Passing the Architect Registration Exam (ARE) allows you to get your license to practice architecture as a professional in all 50 states. The exam tests your knowledge of your professional obligations as an architect, including protecting the health, safety, and welfare of the public. You must pass the ARE and receive your state license before you are considered an architect. Our list of top study guides can be found further down.
ARE 4.0 vs ARE 5.0
As of the writing of this article, ARE 4.0 is the current test, which consists of seven divisions. Each division includes multiple-choice, fill-in-the-blank, and check-all-that-apply questions plus vignettes that require a graphic solution. All ARE 4.0 tests must be completed by June 30, 2018 at which point testers will be automatically transitioned to ARE 5.0.
ARE 5.0 is the next iteration of the ARE and will be released in late 2016. The new test will consist of six divisions, which will include various types of questions, case studies, and graphic exercises. Visit the NCARB ARE 5.0 webpage for more information on the new test.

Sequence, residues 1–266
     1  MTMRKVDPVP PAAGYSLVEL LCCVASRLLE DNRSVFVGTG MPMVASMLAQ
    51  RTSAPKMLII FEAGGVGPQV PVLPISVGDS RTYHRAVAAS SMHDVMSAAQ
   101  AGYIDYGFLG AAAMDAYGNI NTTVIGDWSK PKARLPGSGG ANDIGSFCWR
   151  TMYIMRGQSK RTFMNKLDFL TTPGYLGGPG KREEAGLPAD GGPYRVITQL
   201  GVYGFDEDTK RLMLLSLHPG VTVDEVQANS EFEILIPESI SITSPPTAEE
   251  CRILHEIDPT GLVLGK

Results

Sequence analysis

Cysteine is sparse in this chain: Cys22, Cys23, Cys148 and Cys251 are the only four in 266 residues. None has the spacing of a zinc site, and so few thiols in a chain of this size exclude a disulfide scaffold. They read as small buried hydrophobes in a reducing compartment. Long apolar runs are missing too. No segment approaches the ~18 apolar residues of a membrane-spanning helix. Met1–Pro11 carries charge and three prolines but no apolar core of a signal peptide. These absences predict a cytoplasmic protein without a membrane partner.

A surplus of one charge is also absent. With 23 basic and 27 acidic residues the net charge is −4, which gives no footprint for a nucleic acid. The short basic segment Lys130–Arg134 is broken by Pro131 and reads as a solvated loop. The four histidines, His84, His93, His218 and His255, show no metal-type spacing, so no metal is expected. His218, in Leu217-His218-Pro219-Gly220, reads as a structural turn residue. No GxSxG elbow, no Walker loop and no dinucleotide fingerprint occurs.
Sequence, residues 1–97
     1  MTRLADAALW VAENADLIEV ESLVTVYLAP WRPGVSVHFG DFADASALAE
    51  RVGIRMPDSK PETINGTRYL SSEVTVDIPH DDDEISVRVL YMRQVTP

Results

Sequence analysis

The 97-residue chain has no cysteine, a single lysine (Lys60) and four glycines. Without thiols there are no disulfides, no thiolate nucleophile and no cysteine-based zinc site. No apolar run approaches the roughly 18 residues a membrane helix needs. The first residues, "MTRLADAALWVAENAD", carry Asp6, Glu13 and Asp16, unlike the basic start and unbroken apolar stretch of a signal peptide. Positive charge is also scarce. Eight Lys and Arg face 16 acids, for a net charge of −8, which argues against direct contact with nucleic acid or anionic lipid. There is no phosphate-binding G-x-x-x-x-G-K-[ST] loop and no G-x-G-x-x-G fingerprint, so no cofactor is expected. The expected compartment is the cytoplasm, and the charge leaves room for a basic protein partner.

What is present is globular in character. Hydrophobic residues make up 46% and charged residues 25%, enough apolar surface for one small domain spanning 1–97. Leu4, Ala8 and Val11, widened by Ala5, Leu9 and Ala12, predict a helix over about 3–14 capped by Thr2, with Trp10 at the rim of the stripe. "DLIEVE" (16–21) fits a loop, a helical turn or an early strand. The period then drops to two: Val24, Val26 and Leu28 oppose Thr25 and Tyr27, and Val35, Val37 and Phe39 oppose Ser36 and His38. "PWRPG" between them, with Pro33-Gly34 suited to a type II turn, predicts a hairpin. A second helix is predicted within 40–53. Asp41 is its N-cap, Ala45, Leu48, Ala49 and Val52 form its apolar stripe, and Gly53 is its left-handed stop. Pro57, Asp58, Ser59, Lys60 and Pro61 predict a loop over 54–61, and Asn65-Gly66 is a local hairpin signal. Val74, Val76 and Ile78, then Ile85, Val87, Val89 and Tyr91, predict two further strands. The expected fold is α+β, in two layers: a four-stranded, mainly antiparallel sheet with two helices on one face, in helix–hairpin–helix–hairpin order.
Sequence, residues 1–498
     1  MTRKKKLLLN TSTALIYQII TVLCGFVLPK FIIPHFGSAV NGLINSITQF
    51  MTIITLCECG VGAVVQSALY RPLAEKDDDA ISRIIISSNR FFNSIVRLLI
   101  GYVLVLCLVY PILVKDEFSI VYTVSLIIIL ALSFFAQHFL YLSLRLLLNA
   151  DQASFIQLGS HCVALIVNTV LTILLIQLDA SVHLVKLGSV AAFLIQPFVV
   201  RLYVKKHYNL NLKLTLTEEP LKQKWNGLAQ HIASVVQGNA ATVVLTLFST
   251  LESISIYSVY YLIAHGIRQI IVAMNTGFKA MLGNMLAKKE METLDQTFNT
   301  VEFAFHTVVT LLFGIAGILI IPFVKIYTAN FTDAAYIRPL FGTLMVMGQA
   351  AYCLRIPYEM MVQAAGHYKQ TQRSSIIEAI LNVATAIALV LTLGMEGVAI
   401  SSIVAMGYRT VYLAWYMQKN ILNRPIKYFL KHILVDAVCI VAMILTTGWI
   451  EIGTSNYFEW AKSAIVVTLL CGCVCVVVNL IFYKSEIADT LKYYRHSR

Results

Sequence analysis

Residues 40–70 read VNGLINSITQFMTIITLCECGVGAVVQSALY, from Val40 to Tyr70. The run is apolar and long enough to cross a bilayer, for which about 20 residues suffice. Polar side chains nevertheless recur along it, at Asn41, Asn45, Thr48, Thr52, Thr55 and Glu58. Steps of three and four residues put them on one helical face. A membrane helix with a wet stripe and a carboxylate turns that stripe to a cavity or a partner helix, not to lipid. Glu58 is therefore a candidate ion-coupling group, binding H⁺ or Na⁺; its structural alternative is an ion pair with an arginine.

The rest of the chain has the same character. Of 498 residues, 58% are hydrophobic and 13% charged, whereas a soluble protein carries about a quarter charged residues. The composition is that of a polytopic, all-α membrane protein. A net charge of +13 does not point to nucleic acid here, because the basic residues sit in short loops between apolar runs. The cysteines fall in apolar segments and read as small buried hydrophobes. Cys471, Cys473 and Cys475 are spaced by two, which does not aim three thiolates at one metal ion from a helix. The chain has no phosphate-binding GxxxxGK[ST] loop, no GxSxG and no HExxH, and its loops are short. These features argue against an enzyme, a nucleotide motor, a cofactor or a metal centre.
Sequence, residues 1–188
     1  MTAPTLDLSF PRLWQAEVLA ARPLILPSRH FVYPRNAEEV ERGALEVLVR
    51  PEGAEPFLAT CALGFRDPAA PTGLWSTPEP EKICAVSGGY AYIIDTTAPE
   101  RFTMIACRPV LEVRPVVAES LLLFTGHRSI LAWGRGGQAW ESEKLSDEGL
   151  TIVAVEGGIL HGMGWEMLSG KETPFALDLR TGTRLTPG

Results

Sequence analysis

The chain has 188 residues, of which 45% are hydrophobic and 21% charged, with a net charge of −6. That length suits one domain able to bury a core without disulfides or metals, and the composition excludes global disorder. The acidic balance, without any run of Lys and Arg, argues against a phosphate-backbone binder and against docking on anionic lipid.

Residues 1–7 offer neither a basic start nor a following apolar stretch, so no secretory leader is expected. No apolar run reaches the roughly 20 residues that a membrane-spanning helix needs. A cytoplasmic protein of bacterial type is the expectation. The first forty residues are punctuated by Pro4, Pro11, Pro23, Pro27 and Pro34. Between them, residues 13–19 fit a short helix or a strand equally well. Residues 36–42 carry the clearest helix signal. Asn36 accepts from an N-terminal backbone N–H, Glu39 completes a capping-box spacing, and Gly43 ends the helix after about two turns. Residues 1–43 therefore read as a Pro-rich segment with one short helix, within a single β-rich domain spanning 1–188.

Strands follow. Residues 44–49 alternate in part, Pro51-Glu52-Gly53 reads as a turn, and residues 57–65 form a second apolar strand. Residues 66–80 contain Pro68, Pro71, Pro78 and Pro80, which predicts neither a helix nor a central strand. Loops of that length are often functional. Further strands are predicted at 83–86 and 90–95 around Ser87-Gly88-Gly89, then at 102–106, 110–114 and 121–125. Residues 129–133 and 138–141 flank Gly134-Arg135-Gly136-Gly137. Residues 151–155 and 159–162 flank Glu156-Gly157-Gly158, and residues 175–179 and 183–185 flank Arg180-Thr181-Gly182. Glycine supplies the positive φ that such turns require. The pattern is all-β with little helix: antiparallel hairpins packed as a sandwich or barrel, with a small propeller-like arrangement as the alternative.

NCARB is and organization made up of members from each state licensing board. It is responsible for the Architect Registration Exam as well as IDP, which ensures that ARE candidates get a range of professional experience prior to taking the ARE and getting their license.
The NCARB website provides a wealth of important information that will help you understand everything you need to know as you prepare for and take the ARE. We would like to highlight a few important pieces of info:
ARE 4.0 Guidelines – a PDF that contains everything you need to know about your journey through prepping, taking, and passing the ARE.
Preparing for the ARE – Includes guides for each division of the exam that give example questions (with answers) and solutions to sample graphic vignettes. In addition, downloadable practice programs are available for each division or you can sign up for a web-based practice program for $10 per year.